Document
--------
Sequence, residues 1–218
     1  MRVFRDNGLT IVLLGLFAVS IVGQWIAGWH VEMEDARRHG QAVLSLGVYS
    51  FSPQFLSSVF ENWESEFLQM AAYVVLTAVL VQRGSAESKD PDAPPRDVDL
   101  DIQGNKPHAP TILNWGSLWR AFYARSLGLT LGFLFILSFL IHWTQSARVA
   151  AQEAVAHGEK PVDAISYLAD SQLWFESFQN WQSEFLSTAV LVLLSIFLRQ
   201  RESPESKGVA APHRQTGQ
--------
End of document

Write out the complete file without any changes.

Sequence, residues 1–218
     1  MRVFRDNGLT IVLLGLFAVS IVGQWIAGWH VEMEDARRHG QAVLSLGVYS
    51  FSPQFLSSVF ENWESEFLQM AAYVVLTAVL VQRGSAESKD PDAPPRDVDL
   101  DIQGNKPHAP TILNWGSLWR AFYARSLGLT LGFLFILSFL IHWTQSARVA
   151  AQEAVAHGEK PVDAISYLAD SQLWFESFQN WQSEFLSTAV LVLLSIFLRQ
   201  RESPESKGVA APHRQTGQ